PungoteagueDave

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Yes it is and as noted in near real time as the EA charger I knocked offline was reported almost instantly via the app.

No reason my Tesla would know status of EA chargers.

At this stage of development, I’d suggest getting the app and fob and a subscription for charger systems one will be using. With Chargepoint, the fob is the key. With EA and EVgo, the app is the key.
Are you DENSE? I never said a Tesla should know EA pylon status. You are intentionally trying to confuse forum members who might not understand the issue. Teslas can see and know the status of ever Tesla Supercharger pylon in the country in real time, and its internal route planner can adjust accordingly. Ford, Porsche, et al are part of the EA system and rely on its reporting of pylon status but CANNOT see the current status on a real time basis. so the car's internal planning systems are therefore impaired - a driver must use the EA app to determine current status separately from what they can see in the car, which is, by definition, not up to date and is UNRELIABLE - which is one of the many problems with the EA system that has gotten so many EA users in trouble - bad information or missing information about pylon status. Yes, you CAN use multiple systems and apps and MAYBE get conflicting information that will tell you that there MIGHT be an issue at a specific EA location, but you never really know until you roll up, or maybe choose to bypass out of excess caution. The whole thing is tenuous at best compared to the fully integrated Supercharging system. And yes, I have used both extensively. EA for less, because there ARE NONE on the Eastern Shore where I need them most - DelMarva, between Baltimore.DC and the Maryland/Delaware beaches, and none planned.
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Sklith

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I've been using the app to access chargepoint for years!!!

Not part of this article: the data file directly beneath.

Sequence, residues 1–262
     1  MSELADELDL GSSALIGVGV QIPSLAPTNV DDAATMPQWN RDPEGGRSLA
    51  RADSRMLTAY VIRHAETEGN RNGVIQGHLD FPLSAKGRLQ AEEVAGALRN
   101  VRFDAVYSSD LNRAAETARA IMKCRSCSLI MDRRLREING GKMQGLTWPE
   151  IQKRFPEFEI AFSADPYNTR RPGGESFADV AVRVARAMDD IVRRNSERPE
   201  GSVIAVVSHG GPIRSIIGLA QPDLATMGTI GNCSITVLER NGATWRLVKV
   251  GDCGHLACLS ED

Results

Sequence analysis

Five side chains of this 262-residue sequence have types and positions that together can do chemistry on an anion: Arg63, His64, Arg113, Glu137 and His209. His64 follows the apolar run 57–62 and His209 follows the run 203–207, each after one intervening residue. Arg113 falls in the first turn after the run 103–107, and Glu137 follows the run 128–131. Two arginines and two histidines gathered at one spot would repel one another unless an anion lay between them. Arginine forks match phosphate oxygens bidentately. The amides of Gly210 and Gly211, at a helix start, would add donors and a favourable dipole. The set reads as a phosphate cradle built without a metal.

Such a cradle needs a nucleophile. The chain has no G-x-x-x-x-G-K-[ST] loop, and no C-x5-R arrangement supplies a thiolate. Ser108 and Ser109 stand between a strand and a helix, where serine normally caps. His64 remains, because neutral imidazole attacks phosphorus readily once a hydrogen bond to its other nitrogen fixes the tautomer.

Same here, my phone is the key. Works great. I love how ChargePoint lets me know when I'm nearly done charging.
 

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I assume when they say fob it is the plastic keyring card??

Or does some non-Tesla car fob actually work on chargers?
 

shutterbug

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I assume when they say fob it is the plastic keyring card??

Or does some non-Tesla car fob actually work on chargers?
For $10 you could get a card from Chargepoint that lets you start charging. In case you have a phone without NFC.
 

EaglesPDX

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I've been using the app to access chargepoint for years!!!
When first learning to use the home ChargePoint, they said to get the fob as it works locally no matter the chargers or the apps internet connection. They were having some issues connecting to the charger as it was underground.
 
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jefro

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I've had the keychain card for 5 years. It was free. :)
 

EaglesPDX

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Ford, Porsche, et al are part of the EA system and rely on its reporting of pylon status but CANNOT see the current status on a real time basis.
Ah...well good news is you can check the app though none of those here who use EA have had issues where there was not a charger available. Just not getting crowded...yet. With Tesla I check as they do get crowded and Tesla is not good at reporting down chargers so you'll see 10/12 but it's really 8/12 when you get there with two of the chargers having the cords over the top indicating someone could not get a charge there.

For F150EV owners looking at the EA system, it is as reliable as Tesla's, as fast a charging rate and for interstate travel around the US, almost as prevalent and the current EA system will double in the next two years.

For auto's that are advertising EA as their go to charger source and using it for trip routing, they do need to know location and availability, I'm sure Ford, VW group are working on it.

But users can look at the app to see availability at their next charger, though in trip planning that could be hours away so conditions will change and if you are tripping and that's your charger destination, you will need it even if it is busy and you have to wait.
 

PungoteagueDave

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Ah...well good news is you can check the app though none of those here who use EA have had issues where there was not a charger available. Just not getting crowded...yet. With Tesla I check as they do get crowded and Tesla is not good at reporting down chargers so you'll see 10/12 but it's really 8/12 when you get there with two of the chargers having the cords over the top indicating someone could not get a charge there.